The rise of Web-based journalism has brought forth an explosion of bright, young, often left-leaning reporters and bloggers. But at a time when America is engaged in two wars and faces daunting decisions regarding its role in the world, much of the best work produced by this new generation is focused on domestic policy and politics.
The trend would be more pronounced were it not for Spencer Ackerman, who’s carved out a space for himself as one of the leading national security reporters among the younger set. Ackerman, who has worked for The New Republic, Talking Points Memo, and The American Prospect, now writes for The Washington Independent (aka “The Windy”), a non-profit “fleet-footed webpaper of politics and policy” sponsored by the Center for Independent Media. He also writes his Attackerman blog at FireDogLake.com.
Ackerman took some time Friday to discuss the relationship between counterterrorism and counterinsurgency, the course of U.S. policy in Afghanistan, and the benefits and drawbacks of Internet reporting with CJR assistant editor Greg Marx. The second part of this interview is here. This is an edited transcript.
Greg Marx: Why national security reporting? How’d you get into this beat?
Spencer Ackerman: I graduated from college in 2002, and I grew up in NYC. 9/11 was, of course, a seminal moment. And knowing that I wanted to be a journalist, I wanted to cover what was the most important story as I could understand it—which was the changes that the country was undergoing in the name of national security, how national security would take a kind of domestic focus that it hadn’t previously enjoyed, and make that understandable to a wide audience, particularly an audience on the left.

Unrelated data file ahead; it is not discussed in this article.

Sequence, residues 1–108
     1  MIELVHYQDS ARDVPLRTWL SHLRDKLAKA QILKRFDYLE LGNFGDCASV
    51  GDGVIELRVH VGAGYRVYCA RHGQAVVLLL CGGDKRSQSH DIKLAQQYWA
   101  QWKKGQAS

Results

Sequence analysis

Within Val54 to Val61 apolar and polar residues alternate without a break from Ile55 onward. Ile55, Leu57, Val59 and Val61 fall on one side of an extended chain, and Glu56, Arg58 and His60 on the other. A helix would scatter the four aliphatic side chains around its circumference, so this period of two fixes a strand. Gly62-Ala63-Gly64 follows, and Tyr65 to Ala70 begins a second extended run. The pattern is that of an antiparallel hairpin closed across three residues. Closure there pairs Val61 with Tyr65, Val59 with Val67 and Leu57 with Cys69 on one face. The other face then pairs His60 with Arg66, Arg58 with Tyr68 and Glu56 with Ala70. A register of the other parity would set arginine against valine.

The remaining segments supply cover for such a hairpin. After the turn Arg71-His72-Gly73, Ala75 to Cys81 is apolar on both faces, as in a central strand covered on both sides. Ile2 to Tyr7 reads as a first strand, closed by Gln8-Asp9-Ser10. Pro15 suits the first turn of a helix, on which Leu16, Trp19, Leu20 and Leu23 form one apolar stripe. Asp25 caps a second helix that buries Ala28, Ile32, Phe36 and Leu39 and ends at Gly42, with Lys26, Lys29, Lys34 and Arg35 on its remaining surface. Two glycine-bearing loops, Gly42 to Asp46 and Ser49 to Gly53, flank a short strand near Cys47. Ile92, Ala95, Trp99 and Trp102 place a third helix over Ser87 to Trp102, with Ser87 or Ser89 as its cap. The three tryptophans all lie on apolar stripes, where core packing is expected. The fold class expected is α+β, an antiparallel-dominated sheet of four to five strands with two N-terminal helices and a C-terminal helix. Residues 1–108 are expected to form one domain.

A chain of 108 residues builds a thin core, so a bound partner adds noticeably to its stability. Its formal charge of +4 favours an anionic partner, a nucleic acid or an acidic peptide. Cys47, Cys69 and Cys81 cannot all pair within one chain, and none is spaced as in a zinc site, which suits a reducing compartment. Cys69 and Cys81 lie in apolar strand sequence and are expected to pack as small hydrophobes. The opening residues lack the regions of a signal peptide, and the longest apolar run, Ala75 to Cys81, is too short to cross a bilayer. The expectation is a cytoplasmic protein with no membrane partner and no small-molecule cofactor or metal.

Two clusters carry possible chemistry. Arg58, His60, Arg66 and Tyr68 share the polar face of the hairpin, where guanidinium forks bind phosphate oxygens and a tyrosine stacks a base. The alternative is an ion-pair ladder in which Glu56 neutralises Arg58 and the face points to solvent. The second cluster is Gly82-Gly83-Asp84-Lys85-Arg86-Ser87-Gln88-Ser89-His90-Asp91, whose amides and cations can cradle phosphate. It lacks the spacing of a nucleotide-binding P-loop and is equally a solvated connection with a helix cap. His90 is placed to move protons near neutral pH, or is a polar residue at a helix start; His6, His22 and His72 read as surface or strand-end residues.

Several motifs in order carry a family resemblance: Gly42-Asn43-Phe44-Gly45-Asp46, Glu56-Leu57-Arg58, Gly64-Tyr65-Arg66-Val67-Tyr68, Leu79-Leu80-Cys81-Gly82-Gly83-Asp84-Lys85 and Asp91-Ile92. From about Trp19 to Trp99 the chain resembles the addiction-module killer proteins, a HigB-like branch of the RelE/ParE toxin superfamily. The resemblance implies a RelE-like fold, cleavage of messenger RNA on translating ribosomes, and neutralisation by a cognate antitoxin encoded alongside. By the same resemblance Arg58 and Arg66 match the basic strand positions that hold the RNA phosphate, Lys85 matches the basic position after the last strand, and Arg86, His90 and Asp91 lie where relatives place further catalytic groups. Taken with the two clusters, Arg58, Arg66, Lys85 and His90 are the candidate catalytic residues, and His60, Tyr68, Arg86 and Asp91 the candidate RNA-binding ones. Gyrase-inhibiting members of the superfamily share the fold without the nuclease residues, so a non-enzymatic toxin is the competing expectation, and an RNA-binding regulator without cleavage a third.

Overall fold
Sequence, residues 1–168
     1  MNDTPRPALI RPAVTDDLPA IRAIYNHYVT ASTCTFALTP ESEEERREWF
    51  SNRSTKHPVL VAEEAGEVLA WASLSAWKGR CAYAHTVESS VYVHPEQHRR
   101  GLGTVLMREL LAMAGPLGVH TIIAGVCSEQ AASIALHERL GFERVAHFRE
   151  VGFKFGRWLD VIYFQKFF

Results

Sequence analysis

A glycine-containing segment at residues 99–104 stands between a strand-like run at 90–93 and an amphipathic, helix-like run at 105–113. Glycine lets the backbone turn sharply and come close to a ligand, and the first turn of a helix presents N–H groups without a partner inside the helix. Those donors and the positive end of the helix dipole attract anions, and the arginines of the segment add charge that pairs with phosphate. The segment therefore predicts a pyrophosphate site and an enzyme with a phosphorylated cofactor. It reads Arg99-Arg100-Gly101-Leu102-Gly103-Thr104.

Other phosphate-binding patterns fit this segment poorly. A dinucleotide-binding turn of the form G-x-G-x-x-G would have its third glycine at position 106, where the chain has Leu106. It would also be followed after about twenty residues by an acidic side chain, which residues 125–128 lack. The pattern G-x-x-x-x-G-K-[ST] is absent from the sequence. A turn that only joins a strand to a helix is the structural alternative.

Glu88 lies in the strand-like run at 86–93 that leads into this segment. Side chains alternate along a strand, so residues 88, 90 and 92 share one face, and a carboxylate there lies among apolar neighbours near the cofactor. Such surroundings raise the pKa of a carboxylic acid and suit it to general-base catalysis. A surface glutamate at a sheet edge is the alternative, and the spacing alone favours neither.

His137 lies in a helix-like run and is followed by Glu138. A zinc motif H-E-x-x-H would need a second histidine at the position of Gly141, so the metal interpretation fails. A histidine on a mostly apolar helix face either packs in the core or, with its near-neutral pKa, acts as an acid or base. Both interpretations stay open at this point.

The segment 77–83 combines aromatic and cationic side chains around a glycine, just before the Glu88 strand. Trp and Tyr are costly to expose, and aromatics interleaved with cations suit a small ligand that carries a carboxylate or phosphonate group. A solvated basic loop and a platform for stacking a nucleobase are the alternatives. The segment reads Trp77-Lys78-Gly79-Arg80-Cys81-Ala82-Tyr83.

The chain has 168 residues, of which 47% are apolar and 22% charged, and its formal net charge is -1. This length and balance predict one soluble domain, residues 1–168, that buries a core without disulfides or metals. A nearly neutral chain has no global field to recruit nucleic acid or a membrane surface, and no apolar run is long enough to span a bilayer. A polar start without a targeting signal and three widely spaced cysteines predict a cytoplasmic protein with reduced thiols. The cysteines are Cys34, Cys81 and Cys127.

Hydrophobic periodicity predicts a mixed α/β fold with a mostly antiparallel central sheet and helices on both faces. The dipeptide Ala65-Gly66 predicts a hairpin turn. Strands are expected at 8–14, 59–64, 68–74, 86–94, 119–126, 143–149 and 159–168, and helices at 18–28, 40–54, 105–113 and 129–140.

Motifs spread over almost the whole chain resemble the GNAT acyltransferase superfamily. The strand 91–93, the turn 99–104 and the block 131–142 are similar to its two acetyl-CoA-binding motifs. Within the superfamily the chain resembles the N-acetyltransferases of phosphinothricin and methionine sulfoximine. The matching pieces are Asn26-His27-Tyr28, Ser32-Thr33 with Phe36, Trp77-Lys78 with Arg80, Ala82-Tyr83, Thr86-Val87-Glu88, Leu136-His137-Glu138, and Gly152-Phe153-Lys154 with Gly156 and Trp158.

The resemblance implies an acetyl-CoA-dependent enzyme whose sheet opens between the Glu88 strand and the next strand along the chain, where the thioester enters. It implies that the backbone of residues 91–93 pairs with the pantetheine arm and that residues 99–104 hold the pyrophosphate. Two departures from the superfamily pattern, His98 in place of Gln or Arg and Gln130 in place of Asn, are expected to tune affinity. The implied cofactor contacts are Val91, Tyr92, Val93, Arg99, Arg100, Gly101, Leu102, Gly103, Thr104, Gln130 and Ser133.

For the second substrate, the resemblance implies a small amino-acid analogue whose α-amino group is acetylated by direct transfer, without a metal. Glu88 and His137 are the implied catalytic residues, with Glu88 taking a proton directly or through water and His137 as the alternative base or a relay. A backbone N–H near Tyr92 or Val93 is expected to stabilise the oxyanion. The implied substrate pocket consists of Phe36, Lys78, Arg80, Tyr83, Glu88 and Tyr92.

It also just was a matter of opportunity—I went to work at The New Republic, and there were a lot of really amazing reporters and writers who focused on the economy, who focused on domestic politics, and the field was kind of crowded there, whereas this was something I was interested in, and there seemed to be an opening for developing a beat that didn’t really exist at the magazine.
GM: Was there particularly an opening because you were looking to write for a left-leaning audience?
SA: I think there’s something to that. There weren’t that many people that I saw who were writing about national security from a liberal perspective, as opposed to writing about foreign policy from a liberal perspective—there’s a lot of people who did that at the time and were excellent at it. What I didn’t see enough of, and the blogosphere would eventually fill this gap, were people who were writing and reporting on discreet military developments and intelligence developments and how they played a greater role in foreign policy thinking, not just from the Bush administration, but from its opposition, and from people who were simply trying to understand what America’s new policy would be.
GM: Why the Windy now? What does this particular publication afford you the opportunity to do?